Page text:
A Danish study of 695 pregnant women is raising the possibility that fish oil supplements begun in the final three months of pregnancy may reduce the risk of asthma or persistent wheezing in offspring.
The supplements brought the risk from 23.7 percent among mothers in the placebo group who took 2.4 grams of olive oil daily down to 16.9 percent of the women who got the fish oil capsules. That’s a 30.7 percent reduction during the first three years of life, reports Reuters.
The real benefit seemed to be exclusively among the children whose mothers started out with low levels of the two key ingredients in fish oil – eicosapentaenoic acid (EPA) and docosahexaenoic acid (DHA). That may make them more vulnerable to the inflammation and heightened immune system response that is a factor in asthma and related conditions.
Researchers in Denmark have discovered a potential link between fish oil and better protection from asthma
Among the Danish women with low EPA and DHA levels, the rate of asthma and wheezing in their children was 17.5 percent when the women took fish oil during pregnancy versus 34.1 percent when they took the placebo oil.
One in five young children are affected by asthma and wheezing disorders. In recent decades, the rate has more than doubled in Western countries. Previous research has shown that those conditions are more prevalent among babies whose mothers have low levels of fish oil in their bodies. The new large-scale test, reported in The New England Journal of Medicine, is the first to see if supplements can actually lower the risk.
Women can eat fish to get the same benefit but “you really need to be very fond of fish to get sufficient amounts through your diet” to have the effect seen in the study, chief author Dr. Hans Bisgaard of the University of Copenhagen told Reuters Health in an email.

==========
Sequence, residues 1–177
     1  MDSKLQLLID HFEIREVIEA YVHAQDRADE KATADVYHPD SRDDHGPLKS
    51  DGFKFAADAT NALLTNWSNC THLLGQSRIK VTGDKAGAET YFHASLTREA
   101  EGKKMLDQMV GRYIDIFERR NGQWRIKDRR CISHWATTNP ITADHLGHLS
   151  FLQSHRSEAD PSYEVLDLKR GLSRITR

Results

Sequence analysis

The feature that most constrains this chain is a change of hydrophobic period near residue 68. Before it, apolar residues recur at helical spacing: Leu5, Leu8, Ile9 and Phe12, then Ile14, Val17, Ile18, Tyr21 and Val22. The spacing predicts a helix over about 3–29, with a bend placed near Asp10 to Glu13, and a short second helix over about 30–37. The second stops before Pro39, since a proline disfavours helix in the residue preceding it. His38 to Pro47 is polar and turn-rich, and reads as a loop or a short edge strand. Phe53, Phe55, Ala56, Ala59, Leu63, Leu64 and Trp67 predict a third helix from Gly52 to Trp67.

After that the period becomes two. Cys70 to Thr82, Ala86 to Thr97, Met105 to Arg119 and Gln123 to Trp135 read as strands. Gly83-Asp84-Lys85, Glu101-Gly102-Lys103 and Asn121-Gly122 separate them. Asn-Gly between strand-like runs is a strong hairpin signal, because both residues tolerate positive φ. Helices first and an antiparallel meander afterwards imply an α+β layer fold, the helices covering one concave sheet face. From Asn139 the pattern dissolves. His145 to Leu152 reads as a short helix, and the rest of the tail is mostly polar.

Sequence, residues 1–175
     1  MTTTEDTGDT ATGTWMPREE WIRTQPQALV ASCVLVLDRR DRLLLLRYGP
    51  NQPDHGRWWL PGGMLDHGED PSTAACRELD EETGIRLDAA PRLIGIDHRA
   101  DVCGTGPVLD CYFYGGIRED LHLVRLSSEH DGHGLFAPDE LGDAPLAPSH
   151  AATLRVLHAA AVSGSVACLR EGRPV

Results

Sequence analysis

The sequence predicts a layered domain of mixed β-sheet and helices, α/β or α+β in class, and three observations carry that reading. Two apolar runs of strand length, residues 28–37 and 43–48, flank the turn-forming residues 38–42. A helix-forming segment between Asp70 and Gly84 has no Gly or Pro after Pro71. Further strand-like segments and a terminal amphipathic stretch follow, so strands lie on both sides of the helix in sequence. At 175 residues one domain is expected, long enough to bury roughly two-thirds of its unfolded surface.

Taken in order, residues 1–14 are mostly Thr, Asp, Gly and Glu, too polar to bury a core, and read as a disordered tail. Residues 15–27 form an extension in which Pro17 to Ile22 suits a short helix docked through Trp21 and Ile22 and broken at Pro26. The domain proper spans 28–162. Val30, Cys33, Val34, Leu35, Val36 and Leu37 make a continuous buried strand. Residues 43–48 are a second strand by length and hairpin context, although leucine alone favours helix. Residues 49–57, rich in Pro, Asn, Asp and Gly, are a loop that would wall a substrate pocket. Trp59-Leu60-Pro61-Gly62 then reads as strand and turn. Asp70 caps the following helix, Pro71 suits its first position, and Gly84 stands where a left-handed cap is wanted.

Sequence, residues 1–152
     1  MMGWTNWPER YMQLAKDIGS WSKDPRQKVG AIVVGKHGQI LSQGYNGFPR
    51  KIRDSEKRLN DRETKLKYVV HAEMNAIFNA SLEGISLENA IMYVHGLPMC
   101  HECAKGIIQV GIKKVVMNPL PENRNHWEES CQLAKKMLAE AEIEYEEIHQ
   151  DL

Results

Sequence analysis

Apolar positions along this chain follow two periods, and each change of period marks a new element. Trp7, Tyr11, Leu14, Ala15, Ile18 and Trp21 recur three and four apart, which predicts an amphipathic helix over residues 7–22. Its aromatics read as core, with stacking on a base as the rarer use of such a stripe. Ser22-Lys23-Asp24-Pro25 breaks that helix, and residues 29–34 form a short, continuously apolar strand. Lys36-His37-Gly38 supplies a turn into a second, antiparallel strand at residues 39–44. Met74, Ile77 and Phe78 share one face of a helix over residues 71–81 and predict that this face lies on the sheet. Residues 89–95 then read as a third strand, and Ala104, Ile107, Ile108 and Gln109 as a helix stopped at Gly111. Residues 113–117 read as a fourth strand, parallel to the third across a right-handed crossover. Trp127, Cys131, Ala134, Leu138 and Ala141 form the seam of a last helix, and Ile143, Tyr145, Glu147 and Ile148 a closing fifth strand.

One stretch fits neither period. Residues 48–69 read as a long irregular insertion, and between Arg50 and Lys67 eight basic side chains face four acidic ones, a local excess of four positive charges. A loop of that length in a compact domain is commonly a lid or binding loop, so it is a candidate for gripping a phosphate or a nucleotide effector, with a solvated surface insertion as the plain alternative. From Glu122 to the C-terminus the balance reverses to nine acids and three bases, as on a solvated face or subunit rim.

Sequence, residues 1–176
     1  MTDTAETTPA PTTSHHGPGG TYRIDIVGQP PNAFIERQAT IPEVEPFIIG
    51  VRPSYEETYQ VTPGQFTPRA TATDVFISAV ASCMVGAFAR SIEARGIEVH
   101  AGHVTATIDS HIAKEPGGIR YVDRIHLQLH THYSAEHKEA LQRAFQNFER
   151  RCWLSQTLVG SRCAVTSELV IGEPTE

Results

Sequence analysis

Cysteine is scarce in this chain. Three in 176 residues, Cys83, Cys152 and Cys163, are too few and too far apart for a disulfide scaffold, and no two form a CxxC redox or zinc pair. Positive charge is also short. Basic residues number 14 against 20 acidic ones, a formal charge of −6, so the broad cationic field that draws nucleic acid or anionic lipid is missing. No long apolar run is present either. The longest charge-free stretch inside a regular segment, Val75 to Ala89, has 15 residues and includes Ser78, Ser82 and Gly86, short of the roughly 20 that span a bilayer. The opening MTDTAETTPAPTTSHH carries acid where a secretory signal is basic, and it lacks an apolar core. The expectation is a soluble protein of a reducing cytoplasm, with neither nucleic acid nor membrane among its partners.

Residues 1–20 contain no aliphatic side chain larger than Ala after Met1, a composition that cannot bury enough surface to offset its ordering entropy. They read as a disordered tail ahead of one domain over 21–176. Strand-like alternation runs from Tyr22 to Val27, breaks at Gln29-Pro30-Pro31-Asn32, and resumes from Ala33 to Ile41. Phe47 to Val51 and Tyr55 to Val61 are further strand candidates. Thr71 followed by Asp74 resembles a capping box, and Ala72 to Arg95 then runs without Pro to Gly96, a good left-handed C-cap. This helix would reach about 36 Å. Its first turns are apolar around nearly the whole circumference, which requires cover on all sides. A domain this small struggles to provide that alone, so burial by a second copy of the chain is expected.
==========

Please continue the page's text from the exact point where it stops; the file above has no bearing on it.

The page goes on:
The findings must be tested in other parts of the world, where fish oil consumption is lower. That concern is echoed in an editorial in the journal by Dr. Christopher Ramsden of the National Institute on Aging, who said the 2.4 gram dose “was approximately 15 to 20 times as high as the average U.S. intake from foods.”
“Before these findings can be applied to clinical practice, it is therefore imperative to ensure that this dose had no adverse effects on behavior, cognition, or other long-term outcomes,” he said. “Future work is also needed to determine whether lower doses are effective and whether these results can be replicated in other populations.”
Melanson told Reuters Health by phone that the dose used in the study was very high. The World Health Organization recommends no more than 3 grams per day, in part because excessive amounts can increase the risk of bleeding, lower blood pressure, and interact with medicines or vitamins A, D and E.
“Too much of a good thing is never a good thing,” she said.
“It is possible that a lower dose would have sufficed,” the Bisgaard team said.
Fish oil supplementation also lowered babies’ risk of lower respiratory tract infections, with the rate going from 39.1 percent with olive oil placebo to 31.7 percent with fish oil.
But the supplements didn’t seem to affect the odds of a baby or toddler developing the skin condition eczema, or an allergy such as a reaction to milk or egg products, or a severe asthma attack.
The women began taking the fish oil and olive oil capsules at the 24th week of pregnancy and continued until one week after delivery.
The researchers calculated that 14.6 women would need to be treated to prevent one case of asthma or persistent wheeze. Among women with the lowest levels of EPA and DHA to start with, only 5.6 would need to be treated.
If the findings are confirmed in other populations, doctors could test to see who would mostly likely benefit from fish oil supplements. “The health care system is currently not geared for such,” Bisgaard said. “But clearly this would be the future.”